In reflecting back on 15 years as a parent, here are 15 lessons learned:

1. Be intentional in the younger years.

The youngest years are crucial, yet many parents coast through them thinking they have more to come to get it all right. Never underestimate the incalculable and foundational value of those early years.

2. Exercise consistency.

Children need it. Parents often lack it. It takes discipline and teamwork as parents to make this happen, but consistency is king when it comes to parenting. Even when it’s tough, do what it takes to be consistent.

3. Live by example.

More than your children will become what you say, they will become who you are. Because your children are simply mini versions of you. Whatever you are becoming, so are they.


4. Lavish them with love.

Kids need unconditional love and acceptance, regardless of their behavior. Even when a child has done wrong or disappointed you, may they never question your love for them.

5. Give them time.

Love is a four letter word spelled T-I-M-E to a child. And nothing takes the place of time. Not money, not gifts, not freedom. They want you, which requires that you regularly spend quality time with them.

6. Pay attention and show affection.

Kids love to be shown attention and affection by their parents. This includes more than just time, but your physical touch, words of affirmation, and gifts of love.

7. Honor their mother or father.

The way you treat your spouse is quite possibly one of the most important things you can do for your children. Their little eyes are watching and learning how to live life from your example.

8. Admit when you’re wrong.

Kids need to see lives lived that are honest and genuine. You don’t always have to be right because sometimes your child will learn more good from your mistakes than from you trying to cover them up. Be open, honest, and willing to say you are sorry when you’re wrong.

9. Remember it’s okay to ask for help.

Many parents have already walked successfully the path you’re currently on. Don’t be afraid to ask for help and seek out the wisdom and advice of others who have the voice of experience.

10. Time flies, don’t waste it.

It’s so hard to believe we only have a few years left at home with our oldest. How is that possible? Didn’t we just bring him home from the hospital yesterday? Everyone who ever told you that time flies, and you didn’t believe them… you should have. Never underestimate the life-long value of how you spend the moments, days, and years you have while your kids are still living at home.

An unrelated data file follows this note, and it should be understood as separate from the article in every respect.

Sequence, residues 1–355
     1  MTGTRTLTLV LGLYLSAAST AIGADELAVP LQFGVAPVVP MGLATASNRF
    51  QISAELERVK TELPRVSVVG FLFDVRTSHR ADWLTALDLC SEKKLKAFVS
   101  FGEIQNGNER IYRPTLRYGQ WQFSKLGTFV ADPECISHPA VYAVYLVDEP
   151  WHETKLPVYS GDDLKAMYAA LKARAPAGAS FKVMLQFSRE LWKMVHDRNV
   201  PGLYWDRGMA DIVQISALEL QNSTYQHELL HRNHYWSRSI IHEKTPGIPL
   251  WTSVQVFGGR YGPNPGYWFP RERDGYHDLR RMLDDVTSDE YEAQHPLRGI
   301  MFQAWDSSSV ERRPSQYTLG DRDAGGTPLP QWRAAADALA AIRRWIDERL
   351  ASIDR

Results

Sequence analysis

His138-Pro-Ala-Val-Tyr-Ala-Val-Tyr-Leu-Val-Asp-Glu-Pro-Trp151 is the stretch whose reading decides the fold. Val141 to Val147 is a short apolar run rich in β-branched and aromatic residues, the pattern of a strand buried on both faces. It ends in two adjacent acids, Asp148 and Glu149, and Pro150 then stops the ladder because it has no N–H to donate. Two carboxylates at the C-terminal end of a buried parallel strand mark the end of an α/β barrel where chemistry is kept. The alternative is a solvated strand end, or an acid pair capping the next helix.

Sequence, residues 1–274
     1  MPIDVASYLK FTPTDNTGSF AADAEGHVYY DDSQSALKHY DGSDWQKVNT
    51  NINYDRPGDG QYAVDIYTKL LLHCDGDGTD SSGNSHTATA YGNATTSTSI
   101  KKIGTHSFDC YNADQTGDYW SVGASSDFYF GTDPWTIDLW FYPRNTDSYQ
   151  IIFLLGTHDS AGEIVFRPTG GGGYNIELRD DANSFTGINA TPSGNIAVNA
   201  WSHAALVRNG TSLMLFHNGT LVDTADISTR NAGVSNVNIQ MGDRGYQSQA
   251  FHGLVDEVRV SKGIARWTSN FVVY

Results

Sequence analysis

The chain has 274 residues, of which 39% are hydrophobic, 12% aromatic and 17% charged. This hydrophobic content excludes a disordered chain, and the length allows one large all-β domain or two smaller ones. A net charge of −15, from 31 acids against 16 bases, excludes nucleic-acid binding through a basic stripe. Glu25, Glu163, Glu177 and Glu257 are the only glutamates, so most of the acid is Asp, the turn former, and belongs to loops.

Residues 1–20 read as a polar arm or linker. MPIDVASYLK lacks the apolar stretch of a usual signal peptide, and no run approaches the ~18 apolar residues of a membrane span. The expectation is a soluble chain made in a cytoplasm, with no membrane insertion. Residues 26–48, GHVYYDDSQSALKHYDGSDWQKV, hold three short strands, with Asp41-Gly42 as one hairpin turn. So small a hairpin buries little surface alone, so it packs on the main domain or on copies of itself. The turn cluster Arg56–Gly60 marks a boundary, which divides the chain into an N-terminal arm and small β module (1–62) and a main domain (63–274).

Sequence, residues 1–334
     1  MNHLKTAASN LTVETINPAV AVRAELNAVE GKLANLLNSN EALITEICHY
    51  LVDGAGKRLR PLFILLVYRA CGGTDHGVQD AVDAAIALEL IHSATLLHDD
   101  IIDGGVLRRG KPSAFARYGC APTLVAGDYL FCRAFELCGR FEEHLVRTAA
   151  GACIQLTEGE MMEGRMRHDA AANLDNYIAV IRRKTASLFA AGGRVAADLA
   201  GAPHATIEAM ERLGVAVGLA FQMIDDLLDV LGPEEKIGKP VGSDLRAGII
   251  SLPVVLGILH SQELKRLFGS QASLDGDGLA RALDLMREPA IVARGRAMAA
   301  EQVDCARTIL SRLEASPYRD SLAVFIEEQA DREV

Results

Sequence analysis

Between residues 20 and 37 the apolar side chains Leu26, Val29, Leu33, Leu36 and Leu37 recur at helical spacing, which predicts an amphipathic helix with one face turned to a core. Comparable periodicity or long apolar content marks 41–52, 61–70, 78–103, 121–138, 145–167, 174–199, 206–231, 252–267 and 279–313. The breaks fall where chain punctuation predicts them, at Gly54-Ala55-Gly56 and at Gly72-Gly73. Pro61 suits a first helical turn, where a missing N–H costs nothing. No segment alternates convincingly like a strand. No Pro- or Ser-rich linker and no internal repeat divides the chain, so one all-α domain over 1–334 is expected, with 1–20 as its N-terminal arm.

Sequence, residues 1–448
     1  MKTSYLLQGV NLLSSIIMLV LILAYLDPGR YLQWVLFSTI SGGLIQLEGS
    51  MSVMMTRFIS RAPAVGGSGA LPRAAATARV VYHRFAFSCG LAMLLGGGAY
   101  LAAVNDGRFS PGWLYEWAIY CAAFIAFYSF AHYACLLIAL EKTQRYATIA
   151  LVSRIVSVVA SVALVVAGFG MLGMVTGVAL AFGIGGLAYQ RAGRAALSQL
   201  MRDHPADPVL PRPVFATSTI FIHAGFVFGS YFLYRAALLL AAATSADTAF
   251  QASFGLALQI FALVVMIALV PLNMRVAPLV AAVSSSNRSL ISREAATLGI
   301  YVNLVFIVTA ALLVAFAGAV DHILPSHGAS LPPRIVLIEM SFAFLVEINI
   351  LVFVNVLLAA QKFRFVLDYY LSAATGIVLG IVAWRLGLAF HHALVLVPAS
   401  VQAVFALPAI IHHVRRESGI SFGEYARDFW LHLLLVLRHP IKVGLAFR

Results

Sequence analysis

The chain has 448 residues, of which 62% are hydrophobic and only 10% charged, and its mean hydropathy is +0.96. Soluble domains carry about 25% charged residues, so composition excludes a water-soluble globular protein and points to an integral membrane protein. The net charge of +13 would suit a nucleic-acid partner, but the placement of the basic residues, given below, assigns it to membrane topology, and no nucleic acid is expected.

11. Praise, Praise, and more Praise.

When I recently asked my son what makes him feel most loved, he said, “When you praise me for what I do right, not just notice when I do wrong.” Ouch. Kids need lots of praise and affirmation for doing things right. Whether positive or negative, you always get more of what you affirm.

12. Teach responsibility and work ethic.

A child who understands the value of work, will not only excel in it, but will more likely become a responsible and hard working adult. A child not given opportunities to earn what they have will be more likely to struggle with an attitude of entitlement.

13. Teach them the value of a dollar.

Most money habits for life are formed when we are children, but those habits affect us (and our future families) for good or for bad for the rest of our lives.

14. Don’t cry over spilled milk.

Kids will be kids. Be patient. Remember that they are still learning. There are some things that are not worth getting upset over as you keep the big picture in mind.

15. Talk to God about your kids as much as you talk to your kids about God.

All in all, we’ve learned that at the end of the day (or the 18 years), we will release them into the rest of their lives, and trust the One who gave them to us in the first place with the results. Our desire is to trust Him every single day until then, believing that He can do more in their heart and through their life than we could ever do on our own. 



  1. Eventually you will reach a point when you stop lying about your age and start bragging about it.

  2. Don't let anyone tell you you're getting old. Squash their toes with your rocker.

  3. The older we get, the fewer things seem worth waiting in line for.

  4. Some people try to turn back their odometers. Not me. I want people to know why I look this way. I've traveled a long way and some of the roads weren't paved.

  5. How old would you be if you didn't know how old you are?

  6. When you are dissatisfied and would like to go back to youth, think of Algebra.

  7. You know you are getting old when everything either dries up or leaks.

  8. I don't know how I got over the hill without getting to the top.

  9. Life would be infinitely happier if we could only be born at the age of 80 and gradually approach 18.

  10. Age seldom arrives smoothly or quickly. It is more often a succession of jerks.